Class flags with bitwise operators

bitwise operatorsThere is a group of  PHP features that most of developers don’t usually use: bitwise operators.

These operators are widely used in the C language to make low-level applications (device drivers, protocols etc..). They are very useful when used in OOP developing as a flags for options in functions, classes and general settings.

Brief overview

There are 6 bitwise operators in PHP: And (&), Or (|), Xor (^), not (~), shift left(<<) and right(>>). I won’t to explain here their semantic as it’s not the purpose of this post, read the official documentation [link] if you don’t know how the bitwise operator work.

Use of as a flags : error_reporting

When an array of N binary (on/off) options is needed, the idea is using bitwise operators to store all the options within one integer value, that is a string (or array or word) of bits.
Normally, N constants are set to the values 1,2,4,8, … ,2^(N-1) so that with bitwise operator it’s possible to combine them and obtain any possible configuration of the string.

An outstanding example is the error_reporting setting in php.ini that uses 16 built-in costants (E_ERROR, E_WARNING,… E_ALL) to set its value.

E_ALL     = 000000000000001 #int: 1
E_WARNING = 000000000000010 #int: 2
E_PARSE   = 000000000000100 #int: 4
E_NOTICE  = 000000000001000 #int: 8
E_STRICT  = 000100000000000 #int: 2048
E_ALL     = 111011111111111 #int: 30719

Here are some examples to obtain some configurations:

  • The Or(|) operator can be used to “add” options:
    E_ERROR | E_WARNING | E_PARSE = 000000000000111
  • The And(&) and Not(~) operator can be used as a “subtraction“. Example: E_ALL (all the options) except E_NOTICE:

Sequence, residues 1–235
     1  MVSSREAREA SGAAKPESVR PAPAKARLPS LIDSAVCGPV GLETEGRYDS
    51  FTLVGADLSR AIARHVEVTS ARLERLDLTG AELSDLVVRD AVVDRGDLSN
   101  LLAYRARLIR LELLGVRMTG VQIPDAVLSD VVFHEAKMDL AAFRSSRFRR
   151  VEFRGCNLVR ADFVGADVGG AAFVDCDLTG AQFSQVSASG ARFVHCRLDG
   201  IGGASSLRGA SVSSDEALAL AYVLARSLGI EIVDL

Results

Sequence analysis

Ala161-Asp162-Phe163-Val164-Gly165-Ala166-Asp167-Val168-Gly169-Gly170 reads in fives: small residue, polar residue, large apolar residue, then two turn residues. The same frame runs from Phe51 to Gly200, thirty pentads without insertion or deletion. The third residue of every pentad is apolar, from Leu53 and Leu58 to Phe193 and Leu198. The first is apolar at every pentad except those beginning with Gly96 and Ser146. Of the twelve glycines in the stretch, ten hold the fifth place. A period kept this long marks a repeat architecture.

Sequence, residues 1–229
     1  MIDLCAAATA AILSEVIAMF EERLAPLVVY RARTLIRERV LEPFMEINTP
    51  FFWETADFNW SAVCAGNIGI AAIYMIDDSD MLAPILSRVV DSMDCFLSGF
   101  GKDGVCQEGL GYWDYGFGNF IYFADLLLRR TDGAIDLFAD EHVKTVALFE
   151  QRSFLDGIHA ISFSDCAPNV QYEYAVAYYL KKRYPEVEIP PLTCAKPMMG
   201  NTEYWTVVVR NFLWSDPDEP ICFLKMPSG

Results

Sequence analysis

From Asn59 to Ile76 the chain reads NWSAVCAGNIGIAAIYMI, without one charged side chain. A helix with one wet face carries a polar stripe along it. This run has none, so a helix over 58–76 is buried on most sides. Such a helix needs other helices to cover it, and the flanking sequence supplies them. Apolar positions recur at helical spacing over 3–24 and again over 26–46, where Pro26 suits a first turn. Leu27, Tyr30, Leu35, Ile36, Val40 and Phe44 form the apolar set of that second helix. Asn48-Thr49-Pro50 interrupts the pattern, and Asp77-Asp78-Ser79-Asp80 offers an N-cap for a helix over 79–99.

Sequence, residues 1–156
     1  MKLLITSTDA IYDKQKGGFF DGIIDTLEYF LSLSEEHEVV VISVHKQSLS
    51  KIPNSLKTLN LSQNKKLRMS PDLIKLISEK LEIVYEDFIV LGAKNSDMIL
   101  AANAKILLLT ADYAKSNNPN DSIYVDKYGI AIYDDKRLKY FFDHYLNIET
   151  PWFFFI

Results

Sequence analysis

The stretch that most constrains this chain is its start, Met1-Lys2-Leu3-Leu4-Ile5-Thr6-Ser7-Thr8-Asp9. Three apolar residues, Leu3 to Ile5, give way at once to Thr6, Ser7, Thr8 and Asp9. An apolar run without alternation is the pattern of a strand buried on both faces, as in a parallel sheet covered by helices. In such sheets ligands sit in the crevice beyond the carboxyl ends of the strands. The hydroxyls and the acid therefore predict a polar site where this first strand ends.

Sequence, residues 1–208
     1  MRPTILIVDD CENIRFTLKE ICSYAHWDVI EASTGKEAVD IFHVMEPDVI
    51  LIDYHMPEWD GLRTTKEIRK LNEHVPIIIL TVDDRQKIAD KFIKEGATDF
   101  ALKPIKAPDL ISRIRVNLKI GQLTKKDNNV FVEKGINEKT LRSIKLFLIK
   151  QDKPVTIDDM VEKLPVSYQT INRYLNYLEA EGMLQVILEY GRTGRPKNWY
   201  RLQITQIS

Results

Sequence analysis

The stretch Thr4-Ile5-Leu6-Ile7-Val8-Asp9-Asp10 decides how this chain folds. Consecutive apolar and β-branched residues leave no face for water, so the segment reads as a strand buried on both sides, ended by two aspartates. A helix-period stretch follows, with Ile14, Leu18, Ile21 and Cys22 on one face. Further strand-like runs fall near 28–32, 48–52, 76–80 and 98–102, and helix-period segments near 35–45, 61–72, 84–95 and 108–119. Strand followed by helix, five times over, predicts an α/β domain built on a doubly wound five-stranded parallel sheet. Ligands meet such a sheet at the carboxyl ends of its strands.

E_ALL & ~E_NOTICE = 111011111110111 = (see the values above, note the last but three bit )
  • You can use also Xor (^), for example to obtain the same as above

Create your flags in your class

Let’s implement a class with some constants used as a flag and a method that is able to read each option. That is a better alternative than using 4 different fields and methods to set the options.

We’ll use the operator And (&) betwen the option value and the entire string to check if the options is set. Indeed, the result of that operator is a string with each bit set to 1 if both bits in the same position are set to 1. So, if the result is a string with at least one bit, it means that the option is enabled.

Have a look at the following class with 4 options and its usage

class MyClass {
 const OP1 = 1;   // 001
 const OP2 = 2;   // 010
 const OP3 = 4;   // 100
 const OPALL = 7; //111

 public static function foo($option) {
  if ($option & self::OP1){ echo "OP1 enabled - ";}
  if ($option & self::OP2){ echo "OP2 enabled - ";}
  if ($option & self::OP3){ echo "OP3 enabled - ";}
  echo "n";


// enable the 1st option

// enable the 1st and 2nd option
MyClass::foo(MyClass::OP1|MyClass::OP2); #001 | 010 = 011

// enable all the options, equivalent to MyClass::OP1|MyClass::OP2|MyClass::OP3

// enable all the options except options3
MyClass::foo(MyClass::OPALL & ~MyClass::OP3); # 111 & ~100 = 111 & 011 = 011

// equivalent with Xor
MyClass::foo(MyClass::OPALL ^ MyClass::OP3); # 111 ^ 100 = 011